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UBC Theses and Dissertations

Composition and structure in flocculated mineral systems MacIver, Michael Ryan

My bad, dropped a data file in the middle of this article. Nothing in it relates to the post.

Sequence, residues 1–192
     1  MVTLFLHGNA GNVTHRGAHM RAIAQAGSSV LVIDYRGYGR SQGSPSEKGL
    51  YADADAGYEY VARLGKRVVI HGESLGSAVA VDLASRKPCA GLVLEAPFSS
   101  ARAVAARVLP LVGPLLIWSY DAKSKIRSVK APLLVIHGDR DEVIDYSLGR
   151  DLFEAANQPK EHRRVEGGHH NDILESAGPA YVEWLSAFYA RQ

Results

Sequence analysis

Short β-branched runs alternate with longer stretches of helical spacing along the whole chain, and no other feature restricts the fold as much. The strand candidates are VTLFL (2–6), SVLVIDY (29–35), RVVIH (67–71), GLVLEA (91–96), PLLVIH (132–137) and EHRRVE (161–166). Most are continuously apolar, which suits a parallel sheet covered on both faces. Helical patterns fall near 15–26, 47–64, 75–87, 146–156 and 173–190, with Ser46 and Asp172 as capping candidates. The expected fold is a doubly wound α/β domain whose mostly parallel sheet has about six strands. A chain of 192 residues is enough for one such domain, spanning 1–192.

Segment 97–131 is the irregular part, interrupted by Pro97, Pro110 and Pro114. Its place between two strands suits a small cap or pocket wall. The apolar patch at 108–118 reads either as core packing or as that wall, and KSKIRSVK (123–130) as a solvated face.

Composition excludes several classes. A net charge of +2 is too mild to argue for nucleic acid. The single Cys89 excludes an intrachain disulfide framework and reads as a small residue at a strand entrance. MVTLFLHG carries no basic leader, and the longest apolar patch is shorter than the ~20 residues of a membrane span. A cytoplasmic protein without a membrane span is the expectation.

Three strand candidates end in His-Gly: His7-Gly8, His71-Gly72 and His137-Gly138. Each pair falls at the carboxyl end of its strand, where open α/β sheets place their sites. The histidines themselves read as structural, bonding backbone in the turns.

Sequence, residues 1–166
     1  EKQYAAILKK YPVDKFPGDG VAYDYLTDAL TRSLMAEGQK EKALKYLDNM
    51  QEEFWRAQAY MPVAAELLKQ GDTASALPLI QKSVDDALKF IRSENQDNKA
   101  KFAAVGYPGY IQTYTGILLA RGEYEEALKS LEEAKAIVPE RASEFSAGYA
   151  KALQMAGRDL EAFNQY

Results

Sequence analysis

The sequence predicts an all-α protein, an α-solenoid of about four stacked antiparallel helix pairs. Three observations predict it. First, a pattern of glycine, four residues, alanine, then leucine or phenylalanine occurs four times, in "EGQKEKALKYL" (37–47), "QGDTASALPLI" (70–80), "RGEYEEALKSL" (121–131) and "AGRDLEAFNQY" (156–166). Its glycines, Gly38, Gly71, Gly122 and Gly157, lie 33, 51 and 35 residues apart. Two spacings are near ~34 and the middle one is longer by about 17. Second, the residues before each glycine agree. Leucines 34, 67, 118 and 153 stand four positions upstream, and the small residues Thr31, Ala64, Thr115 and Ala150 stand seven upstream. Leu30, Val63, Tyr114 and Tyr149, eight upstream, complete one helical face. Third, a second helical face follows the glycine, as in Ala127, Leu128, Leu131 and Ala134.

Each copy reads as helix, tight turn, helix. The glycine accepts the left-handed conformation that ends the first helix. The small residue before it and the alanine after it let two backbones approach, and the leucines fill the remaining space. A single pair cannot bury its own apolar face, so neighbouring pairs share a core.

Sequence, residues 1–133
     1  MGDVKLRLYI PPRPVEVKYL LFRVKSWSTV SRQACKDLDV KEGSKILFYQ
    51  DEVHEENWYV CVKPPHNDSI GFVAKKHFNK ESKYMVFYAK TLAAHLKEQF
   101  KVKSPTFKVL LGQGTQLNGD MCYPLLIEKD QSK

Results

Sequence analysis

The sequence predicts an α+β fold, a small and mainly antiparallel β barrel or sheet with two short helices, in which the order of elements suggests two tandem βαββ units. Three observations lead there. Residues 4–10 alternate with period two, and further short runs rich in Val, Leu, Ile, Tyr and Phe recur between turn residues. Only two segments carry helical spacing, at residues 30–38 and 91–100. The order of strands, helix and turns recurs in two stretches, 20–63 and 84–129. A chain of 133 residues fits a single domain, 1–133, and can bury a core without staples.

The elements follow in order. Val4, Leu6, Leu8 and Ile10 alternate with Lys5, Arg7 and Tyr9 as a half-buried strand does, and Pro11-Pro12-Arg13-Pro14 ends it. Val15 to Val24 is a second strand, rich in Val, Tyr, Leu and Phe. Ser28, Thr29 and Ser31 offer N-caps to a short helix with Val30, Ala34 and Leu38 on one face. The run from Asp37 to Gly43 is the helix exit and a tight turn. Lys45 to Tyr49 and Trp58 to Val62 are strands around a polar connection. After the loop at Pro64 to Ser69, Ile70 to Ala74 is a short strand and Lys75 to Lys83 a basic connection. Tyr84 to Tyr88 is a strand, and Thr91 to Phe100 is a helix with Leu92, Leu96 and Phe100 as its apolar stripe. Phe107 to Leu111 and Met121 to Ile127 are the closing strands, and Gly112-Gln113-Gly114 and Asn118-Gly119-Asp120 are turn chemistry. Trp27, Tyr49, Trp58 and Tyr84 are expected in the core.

An investigation of model quartz floc structure and composition was made using X-ray computed tomography to understand how floc breakage could contribute to consolidation in the dewatering process. It was concluded that floc macro-structure, defined by the connectivity and arrangement of sub-units in medium- and large-sized flocs plays an important role in the formation and breakage of flocs. Sub-units in flocs were found to be connected by lower solids concentration regions and the shared surface area between sub-units was found to decrease as a function of distance from the floc centroid. These observations indicated a tendency for flocs to break in a large-scale deformation mode (i.e., rupture along sub-unit boundaries), rather than smaller-scale fragmentation or attrition. From compression tests evaluated with CT scans and correlated with the gravimetric method, it was found that negligible changes in the solids concentration of flocs occurred at low applied pressures (< 3 kPa), which indicated that dewatering at lower applied pressures was dominated by breakage and removal of intra-aggregate fluid. These observations support the proposed model that floc breakage and re-organization of the sediment packing structure plays an important role in the thickening process. This research demonstrated two different methods of calibrating computed tomography (CT) images for solids concentration: using watery mineral suspensions of varying solids concentration for micro-CT images; and using air, water, and solid quartz for calibration of synchrotron-source CT. In Appendix A, the interpretation of X-ray CT data in a multiphase system was considered using phosphate particles. In that case, calibration of the X-ray signal was achieved by identifying the apatite phase using correlative tomography, followed by calibration of the apatite phase mineral concentration using standards of varying apatite content.

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